“A monk asked Tôsu (T’ou-tzŭ ), a Zen master of the T’ang
period: “ I understand that all sounds are the voice of the Buddha.
Is that right?” The master said, “That is right.” The monk then
proceeded: “Would not the master please stop making a noise
which echoes the sound of a fermenting mass of filth?”
The master thereupon struck the monk.
The monk further asked “Tôsu: “Am I in the right when I understand
the Buddha as asserting that all talk however trivial
or derogatory, belongs to ultimate truth?” The master said, “Yes,
you are in the right.” The monk went on, “May I then call you
a donkey?” The master thereupon struck him.
It may be necessary to explain these mondo in plain language.
To conceive every sound, every noise, every utterance one makes
as issuing from the fountainhead of one Reality, that is, from one
God is pantheistic, I imagine. For “he givith all life, and breath
and all things” (Acts 17:25); and again, “For in him
we live, and move, and have our own being” (Acts 17:28). If
this be the case, a Zen master’s hoarse throat echoes the melodious
resonance of a voice flowing from the Buddha’s golden mouth,
and even when a great teacher is decried as reminding one of
an ass, the defamation must be regarded as reflecting something
of ultimate truth. All forms of evil must be said somehow
to be embodying what is true and good and beautiful, and to be
a contribution to the perfection of Reality. To state it more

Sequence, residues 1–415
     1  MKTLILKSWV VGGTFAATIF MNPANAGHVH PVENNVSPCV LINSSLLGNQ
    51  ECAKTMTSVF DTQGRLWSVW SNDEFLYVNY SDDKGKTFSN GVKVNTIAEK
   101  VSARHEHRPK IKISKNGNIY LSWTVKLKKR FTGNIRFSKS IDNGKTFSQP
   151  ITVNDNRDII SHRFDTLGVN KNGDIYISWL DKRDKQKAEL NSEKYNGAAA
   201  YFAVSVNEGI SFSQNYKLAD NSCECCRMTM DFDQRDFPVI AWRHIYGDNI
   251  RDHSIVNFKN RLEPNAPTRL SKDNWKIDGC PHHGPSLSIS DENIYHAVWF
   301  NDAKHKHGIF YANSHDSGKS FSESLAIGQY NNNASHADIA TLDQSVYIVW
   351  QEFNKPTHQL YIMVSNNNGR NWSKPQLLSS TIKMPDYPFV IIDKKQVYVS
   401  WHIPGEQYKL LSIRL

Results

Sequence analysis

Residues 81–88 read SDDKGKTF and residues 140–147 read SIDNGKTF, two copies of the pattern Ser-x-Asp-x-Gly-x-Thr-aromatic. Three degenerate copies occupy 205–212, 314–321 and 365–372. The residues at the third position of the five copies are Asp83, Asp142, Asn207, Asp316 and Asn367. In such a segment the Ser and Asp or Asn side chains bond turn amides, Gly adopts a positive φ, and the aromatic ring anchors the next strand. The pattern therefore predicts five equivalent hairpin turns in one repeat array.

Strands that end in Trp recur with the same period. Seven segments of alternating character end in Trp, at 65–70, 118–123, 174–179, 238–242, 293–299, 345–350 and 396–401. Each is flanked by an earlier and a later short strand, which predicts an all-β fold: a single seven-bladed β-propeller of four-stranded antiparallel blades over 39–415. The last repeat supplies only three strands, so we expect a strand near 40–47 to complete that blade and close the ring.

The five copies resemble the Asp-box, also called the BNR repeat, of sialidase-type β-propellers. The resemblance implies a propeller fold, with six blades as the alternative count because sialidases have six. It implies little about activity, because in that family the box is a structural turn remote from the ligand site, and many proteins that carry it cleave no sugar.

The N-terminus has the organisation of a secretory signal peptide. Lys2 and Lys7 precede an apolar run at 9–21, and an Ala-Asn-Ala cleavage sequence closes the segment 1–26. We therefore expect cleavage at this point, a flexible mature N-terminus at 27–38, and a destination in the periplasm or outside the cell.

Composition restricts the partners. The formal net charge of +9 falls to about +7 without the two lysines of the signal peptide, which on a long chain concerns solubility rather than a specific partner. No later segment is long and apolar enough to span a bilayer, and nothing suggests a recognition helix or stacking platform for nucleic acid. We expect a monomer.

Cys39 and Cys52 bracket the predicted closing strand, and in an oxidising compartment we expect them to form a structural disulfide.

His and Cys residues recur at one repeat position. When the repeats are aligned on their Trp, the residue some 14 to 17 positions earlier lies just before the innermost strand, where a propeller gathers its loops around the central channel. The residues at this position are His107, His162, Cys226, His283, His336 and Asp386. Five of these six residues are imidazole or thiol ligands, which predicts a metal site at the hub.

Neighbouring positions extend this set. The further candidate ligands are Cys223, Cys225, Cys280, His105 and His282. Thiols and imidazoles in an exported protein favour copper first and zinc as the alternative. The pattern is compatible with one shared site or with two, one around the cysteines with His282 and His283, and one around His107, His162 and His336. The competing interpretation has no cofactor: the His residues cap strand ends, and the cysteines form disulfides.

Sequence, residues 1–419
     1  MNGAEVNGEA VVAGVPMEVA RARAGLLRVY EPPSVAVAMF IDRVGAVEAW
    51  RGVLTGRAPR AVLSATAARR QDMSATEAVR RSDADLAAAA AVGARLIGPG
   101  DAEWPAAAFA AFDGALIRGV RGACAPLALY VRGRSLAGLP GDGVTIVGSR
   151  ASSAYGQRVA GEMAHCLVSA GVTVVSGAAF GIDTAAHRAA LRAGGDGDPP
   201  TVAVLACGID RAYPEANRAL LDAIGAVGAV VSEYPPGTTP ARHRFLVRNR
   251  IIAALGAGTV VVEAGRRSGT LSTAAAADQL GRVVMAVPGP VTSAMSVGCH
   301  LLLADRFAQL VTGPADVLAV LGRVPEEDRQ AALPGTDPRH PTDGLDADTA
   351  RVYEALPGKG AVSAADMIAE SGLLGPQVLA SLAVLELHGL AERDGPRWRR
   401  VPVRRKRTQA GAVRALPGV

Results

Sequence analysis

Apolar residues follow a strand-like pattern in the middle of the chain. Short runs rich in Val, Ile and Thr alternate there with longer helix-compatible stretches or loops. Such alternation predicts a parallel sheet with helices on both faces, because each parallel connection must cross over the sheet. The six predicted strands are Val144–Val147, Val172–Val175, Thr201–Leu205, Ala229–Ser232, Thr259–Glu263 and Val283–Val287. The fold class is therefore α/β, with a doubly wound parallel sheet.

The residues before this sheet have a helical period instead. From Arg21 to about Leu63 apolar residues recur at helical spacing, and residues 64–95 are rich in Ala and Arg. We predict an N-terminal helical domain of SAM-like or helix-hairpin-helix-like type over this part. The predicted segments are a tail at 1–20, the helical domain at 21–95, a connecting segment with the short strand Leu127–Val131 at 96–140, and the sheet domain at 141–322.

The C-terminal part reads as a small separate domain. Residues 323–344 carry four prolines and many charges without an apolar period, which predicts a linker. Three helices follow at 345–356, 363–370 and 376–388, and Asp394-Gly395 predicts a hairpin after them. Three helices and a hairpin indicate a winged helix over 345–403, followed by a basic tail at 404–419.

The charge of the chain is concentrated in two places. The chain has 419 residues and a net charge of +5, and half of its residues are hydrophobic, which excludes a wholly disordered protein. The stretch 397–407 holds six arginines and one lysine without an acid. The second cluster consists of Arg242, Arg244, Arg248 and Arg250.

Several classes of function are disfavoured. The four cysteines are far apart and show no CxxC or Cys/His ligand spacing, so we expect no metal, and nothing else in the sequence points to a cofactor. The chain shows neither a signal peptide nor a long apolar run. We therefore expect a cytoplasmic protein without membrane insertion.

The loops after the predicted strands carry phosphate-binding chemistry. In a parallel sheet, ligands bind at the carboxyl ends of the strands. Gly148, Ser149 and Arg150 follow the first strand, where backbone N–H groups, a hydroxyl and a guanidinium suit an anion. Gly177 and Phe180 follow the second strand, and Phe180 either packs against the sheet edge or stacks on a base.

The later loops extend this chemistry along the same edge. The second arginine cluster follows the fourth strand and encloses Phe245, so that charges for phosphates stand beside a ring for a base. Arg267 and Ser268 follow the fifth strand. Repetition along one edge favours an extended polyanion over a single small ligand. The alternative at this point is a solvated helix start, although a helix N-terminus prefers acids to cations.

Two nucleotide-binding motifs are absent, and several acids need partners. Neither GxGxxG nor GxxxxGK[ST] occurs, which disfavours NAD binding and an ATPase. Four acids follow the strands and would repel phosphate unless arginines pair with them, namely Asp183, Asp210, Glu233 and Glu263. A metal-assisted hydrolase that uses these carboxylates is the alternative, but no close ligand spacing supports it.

concretely, bad is good, ugly is beautiful, false is true, imperfect
is perfect, and also conversely. This is, indeed, the kind of reasoning
in which those indulge who conceive the God-nature to be
immanent in all things. Let us see how the Zen master treats
It is remarkable that Tôsu put his foot right down against
such intellectualist interpretations and struck his monk. The
latter in all probability expected to see the master nonplussed
by his statements which logically follow from his first assertion.
The masterful Tôsu knew, as all Zen masters do, the uselessness
of making any verbal demonstration against such a “logician.”
For verbalism leads from one complication to another; there
is no end to it. The only effective way, perhaps, to make
such a monk as this realize the falsehood of his conceptual
understanding is to strike him and let him experience within
himself the meaning of the statement, “One in All and All
in One.” The monk was to be awakened from his logical
somnambulism. Hence Tôsu’s drastic measure.”
Daisetz T. Suzuki
Zen and Japanese Culture
“bad is good, ugly is beautiful, false is true, imperfect
is perfect, and also conversely. “
until someone throws a corpse in the middle of the
room, or a lash bruised woman to be listened to
as she begs to be returned to the pleasure of her master
where she belongs. Have I got this right? Satori?